- Alcoa acquires Firth Rixson in a nearly $3 billion deal.
- The deal adds growth, higher and steady margins and further expansion into the fast growing aerospace business.
- After the huge run so far in 2014 and over the past year, I am cautious to jump on the bandwagon.
Alcoa (NYSE:AA) is joining the merger and acquisition frenzy after it announced the multibillion dollar deal to acquire Firth Rixson in order to expand its presence in the aerospace industry.
The anticipated growth, secured long term contracts, high margins and anticipated cost savings are making investors enthusiastic despite a more than fair deal price. The continued move away from the volatile aluminum business to a steady, high-margin and growing aerospace industry is applauded by investors. Amidst this transformation Alcoa is becoming a more appealing business.
The Highlights Of The Deal
Alcoa announced that it has entered into a definitive agreement to acquire privately-held Firth Rixson in a $2.85 billion deal.
The company is a leader in jet engine components and was previously owned by Oak Hill Capital Partners.
Under terms of the deal, Alcoa will pay $2.35 billion in cash, $500 million in stock and even award a potential $150 million in earn-out agreements.
The deal is expected to close by the end of this year.
The deal adds to Alcoa's aerospace business, perhaps the most compelling growth opportunity for Alcoa. The company is now able to focus on a broader range of opportunities in the industry, by adding high growth and value-adding engine components.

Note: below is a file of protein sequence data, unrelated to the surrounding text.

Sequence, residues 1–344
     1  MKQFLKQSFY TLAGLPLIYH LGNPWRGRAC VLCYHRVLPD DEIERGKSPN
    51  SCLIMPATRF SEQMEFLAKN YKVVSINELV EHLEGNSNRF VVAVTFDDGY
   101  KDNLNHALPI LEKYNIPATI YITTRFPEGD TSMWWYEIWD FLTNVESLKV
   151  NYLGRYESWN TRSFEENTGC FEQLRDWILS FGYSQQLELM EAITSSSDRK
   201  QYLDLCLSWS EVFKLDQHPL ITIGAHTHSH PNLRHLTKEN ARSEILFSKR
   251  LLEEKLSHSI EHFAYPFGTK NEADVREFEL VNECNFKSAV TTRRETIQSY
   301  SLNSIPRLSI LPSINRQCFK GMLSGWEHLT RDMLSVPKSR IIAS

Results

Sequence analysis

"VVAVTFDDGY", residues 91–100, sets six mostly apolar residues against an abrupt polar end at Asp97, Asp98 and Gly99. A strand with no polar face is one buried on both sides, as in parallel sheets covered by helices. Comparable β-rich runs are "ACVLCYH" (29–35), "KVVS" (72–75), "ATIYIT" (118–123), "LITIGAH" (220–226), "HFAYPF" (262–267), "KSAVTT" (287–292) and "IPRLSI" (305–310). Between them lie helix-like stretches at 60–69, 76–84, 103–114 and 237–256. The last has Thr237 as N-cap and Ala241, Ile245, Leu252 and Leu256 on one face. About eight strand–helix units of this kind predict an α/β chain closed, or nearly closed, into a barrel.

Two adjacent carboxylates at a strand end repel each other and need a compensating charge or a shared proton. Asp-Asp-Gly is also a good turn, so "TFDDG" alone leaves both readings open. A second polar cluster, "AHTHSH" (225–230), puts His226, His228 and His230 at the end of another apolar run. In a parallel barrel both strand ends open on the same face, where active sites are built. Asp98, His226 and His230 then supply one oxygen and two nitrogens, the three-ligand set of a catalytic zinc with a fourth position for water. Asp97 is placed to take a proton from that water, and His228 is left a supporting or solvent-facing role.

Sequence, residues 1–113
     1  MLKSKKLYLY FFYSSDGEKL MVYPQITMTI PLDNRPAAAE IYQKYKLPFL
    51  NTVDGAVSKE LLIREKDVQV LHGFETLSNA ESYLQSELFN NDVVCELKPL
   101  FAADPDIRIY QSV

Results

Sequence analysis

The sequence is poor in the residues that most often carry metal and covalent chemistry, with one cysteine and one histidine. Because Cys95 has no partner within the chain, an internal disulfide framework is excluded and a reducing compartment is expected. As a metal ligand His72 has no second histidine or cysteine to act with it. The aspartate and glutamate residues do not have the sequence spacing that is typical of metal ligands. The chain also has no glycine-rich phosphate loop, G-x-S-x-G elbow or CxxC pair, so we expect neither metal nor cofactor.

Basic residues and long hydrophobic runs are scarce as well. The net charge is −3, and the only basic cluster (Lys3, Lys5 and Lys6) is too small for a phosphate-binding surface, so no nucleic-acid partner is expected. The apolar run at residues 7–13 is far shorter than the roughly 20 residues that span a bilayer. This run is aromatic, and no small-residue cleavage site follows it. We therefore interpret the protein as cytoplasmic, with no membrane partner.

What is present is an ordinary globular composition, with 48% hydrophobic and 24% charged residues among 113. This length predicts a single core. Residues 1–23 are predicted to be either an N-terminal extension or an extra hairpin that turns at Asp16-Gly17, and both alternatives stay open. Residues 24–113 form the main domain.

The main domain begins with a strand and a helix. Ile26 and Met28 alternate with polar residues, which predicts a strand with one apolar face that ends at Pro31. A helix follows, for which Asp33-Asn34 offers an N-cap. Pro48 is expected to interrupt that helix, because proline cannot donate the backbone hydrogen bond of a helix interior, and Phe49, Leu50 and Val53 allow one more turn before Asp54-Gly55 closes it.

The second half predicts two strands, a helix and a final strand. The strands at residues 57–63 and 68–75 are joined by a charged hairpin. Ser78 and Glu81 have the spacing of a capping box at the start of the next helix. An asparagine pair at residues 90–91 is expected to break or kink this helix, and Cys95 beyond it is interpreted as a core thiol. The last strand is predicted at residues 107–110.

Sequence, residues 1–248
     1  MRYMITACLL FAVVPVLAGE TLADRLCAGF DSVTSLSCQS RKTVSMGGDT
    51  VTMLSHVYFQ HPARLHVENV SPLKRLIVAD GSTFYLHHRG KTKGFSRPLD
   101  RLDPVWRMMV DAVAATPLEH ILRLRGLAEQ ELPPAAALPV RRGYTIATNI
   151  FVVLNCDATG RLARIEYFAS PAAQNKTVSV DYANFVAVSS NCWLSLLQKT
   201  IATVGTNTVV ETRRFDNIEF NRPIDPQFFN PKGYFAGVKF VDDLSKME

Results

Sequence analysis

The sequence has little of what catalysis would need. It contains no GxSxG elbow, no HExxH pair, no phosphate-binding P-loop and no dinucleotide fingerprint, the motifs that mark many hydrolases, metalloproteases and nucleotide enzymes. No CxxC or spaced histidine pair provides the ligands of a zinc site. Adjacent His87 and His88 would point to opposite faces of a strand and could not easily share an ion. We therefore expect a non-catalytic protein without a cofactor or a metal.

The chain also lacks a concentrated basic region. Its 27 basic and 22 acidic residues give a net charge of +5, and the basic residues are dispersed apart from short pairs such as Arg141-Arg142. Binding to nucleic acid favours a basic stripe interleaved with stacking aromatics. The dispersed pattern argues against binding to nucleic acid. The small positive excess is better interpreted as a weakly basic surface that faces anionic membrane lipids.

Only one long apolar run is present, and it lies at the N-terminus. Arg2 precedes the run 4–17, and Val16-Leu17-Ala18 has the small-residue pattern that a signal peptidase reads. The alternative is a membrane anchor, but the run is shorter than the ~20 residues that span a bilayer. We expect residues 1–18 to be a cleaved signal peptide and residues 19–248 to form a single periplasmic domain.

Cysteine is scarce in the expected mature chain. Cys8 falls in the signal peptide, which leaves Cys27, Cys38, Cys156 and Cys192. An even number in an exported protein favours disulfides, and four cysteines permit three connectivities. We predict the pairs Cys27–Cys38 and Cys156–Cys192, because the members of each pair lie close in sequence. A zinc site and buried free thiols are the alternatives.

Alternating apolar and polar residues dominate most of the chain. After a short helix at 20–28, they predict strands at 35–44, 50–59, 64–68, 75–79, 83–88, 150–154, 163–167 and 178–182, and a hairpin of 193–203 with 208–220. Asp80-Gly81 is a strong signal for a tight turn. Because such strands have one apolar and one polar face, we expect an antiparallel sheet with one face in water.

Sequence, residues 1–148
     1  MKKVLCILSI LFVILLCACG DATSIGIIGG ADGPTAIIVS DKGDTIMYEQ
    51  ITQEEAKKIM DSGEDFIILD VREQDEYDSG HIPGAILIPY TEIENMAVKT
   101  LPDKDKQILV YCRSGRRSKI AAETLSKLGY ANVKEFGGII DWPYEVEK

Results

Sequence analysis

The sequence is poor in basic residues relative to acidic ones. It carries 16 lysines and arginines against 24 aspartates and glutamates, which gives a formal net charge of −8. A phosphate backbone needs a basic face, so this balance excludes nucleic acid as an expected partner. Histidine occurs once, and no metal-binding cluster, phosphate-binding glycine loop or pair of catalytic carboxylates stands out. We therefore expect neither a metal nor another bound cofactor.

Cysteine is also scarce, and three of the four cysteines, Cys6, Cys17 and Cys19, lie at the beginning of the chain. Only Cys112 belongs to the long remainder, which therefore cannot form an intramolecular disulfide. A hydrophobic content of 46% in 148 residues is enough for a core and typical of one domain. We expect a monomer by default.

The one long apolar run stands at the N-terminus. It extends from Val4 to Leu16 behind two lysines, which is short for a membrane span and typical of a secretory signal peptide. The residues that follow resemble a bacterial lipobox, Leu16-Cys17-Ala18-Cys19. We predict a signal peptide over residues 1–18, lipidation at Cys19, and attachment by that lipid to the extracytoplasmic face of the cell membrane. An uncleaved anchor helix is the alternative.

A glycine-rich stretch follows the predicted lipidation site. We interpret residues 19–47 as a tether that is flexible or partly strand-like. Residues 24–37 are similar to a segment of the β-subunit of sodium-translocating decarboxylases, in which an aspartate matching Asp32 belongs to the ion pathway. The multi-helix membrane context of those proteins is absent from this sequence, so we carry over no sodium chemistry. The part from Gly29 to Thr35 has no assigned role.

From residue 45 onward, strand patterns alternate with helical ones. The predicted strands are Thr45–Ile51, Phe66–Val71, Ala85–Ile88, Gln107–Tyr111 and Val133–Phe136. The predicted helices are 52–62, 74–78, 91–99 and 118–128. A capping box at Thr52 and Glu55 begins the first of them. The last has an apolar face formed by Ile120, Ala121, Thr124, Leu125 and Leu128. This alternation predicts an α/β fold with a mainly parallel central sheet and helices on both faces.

Firth Rixson holds strong market positions in key components like rings which are produced with nickel superalloys and titanium. The company also supplies engine forgings. Besides the aerospace industry it also supplies the markets for industrial gas turbines and landing gears. These solutions are very much geared to the trend of more fuel-efficient plane engines as well as reduced emissions, creating huge potential for solid growth in the coming years.
The deal will bolster margins and reduce the reliance on volatile and lower margin businesses which traditionally have been a huge problem for Alcoa.
Financial Implications Of The Deal
Firth Rixson posted revenues of about a billion in 2013, yet revenues are seen at roughly $1.6 billion by 2016. EBITDA is seen at $350 million in 2016 but has not been specified its profitability for 2013.
Sales for Firth Rixson are expected to grow at a compounded annual growth rate of 12% between now and 2019, which are simply astonishing numbers. What is comforting is that 70% of growth is already secured through long-term agreements which creates a huge deal of visibility into future cash flows.
Given the $2.85 billion price tag, the business is valued at 2.8 times sales reported for 2013, and 1.8 times sales anticipated for 2016. The deal is valued at 8.1 times EBITDA which is foreseen for 2016.
Despite having little product overlap with Alcoa's existing aerospace business significant cost savings and synergies are anticipated. Synergies are driven by purchasing and productivity improvements, and are anticipated to reach a $100 million per annum by 2019.
The deal will be neutral to 2014s earnings, and is expected to be accretive thereafter.